This is always so hard to answer. Judy Blume’s Forever had a huge impact on my reading habits as a young girl, and probably inspired my writing desire to a large extent. But my favorite book is actually a work of non-fiction. Before there was a movie or a television show, Friday Night Lights was the best piece of sports journalism I ever read. An ASU professor assigned it as a way to look at race relations and socioeconomics in the south. And it changed my life. I loved the show and movie it inspired, but for entirely different reasons. Texas high school football has a mystique that fascinates me, and this book captured every ounce of it.

9.   What’s next for you writing wise that you can share with us? 

I have a few chapters done on a new project that will be a stand-alone. It’s a deeply personal story that means more to me than anything else I’ve ever written. I should be able to share details this summer. I’ve also got a book full of notes on more Charlie and Cody, and I think I will probably be paying them another visit soon.

Complete the sentence:

I have never: met a Christian Bale movie I didn’t like.

I always: put my boys first (both the big guy and the little guy).

I love: writing, and I can’t think of another thing on this planet that I’d rather spend my day doing.

I hate: the Yankees.

Thanks so much for stopping by Ginger.  It was great talking with you.

 Cody is still next to me, his grip on my hand once again strong, but his body is stiff. I’m rewinding mentally, realizing just how far I went. Shit! I said way too much! I don’t even know what I’m doing here. This all suddenly feels way too intimate—wrong. My pulse is speeding up the more I think about what Trevor would think if he saw me, saw this—saw us!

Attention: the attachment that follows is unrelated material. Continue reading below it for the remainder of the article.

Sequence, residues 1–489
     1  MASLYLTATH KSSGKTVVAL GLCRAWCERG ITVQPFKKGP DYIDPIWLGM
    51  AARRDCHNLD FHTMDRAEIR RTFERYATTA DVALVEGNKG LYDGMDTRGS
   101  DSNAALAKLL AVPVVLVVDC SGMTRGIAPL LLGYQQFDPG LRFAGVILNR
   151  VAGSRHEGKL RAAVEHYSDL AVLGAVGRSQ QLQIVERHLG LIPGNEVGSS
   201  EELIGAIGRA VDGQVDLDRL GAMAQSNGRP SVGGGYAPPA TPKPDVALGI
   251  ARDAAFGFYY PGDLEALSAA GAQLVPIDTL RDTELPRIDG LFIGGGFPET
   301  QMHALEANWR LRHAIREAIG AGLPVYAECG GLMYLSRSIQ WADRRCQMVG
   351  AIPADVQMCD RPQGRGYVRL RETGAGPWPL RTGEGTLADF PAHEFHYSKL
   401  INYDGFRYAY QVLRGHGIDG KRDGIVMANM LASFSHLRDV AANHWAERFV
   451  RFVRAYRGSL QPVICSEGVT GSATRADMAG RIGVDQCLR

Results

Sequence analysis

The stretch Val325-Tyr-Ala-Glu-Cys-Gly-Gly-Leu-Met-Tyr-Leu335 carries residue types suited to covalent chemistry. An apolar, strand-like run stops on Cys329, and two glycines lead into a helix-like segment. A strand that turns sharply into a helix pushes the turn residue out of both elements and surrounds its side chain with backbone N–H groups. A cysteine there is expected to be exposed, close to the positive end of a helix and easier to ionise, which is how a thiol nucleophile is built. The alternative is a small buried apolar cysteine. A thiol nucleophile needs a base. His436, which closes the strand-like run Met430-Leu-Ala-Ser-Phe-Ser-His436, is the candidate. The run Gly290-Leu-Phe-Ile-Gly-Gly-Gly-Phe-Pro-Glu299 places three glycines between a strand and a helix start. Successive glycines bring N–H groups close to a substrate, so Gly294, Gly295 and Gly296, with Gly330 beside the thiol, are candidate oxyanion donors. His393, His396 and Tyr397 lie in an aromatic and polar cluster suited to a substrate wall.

I slide the pillow from my chest to the side and work my fingers until they’re out of Cody’s grip. He remains next to me, but isn’t moving. I’m pretty sure I just made him feel unwelcome in his own bed, the awkwardness creeping in now and almost choking me. I have to leave, leave this bed and then leave this room. I’ll be calm until I shut his door, and then I’m running.
Yes, that’s it. I’ll run.
“Oh God, I’m sorry. I just unloaded, like, way too much on you. I’m…I’m just going to go,” I say, pushing myself up to sit at the side of the bed and slip on my shoes. The light is dim, but I can tell that Cody’s eyes have shifted to me. He’s still not moving or speaking, and I don’t really want him to. I just want to get out of his room without him saying a word.
“Thank you, truly,” I say as I stand and look once more at the ceiling. “The stars? They’re amazing,” my voice wavers, and I turn and walk to his door. I’m gripping the handle, willing myself to keep it together for just a few more seconds until I’m out of his view, when I feel his body behind me and see his hand flat against the door.
His breath against my neck raises every hair on my body. I’m looking intently at his fingers splayed out on the wood paneling of the door in front of me, my hands still gripping the door handle. Beyond this door, my life continues on one path—a path I know. A path I love. But I’m stalled, considering what happens if I stay in this room. I’m paralyzed. Fear. Indecision.
“Cody, I…” I start, but don’t know how to finish.
“Just stay,” he says, his voice barely audible, and the air released from his words sends more chills around my neck and down my entire body.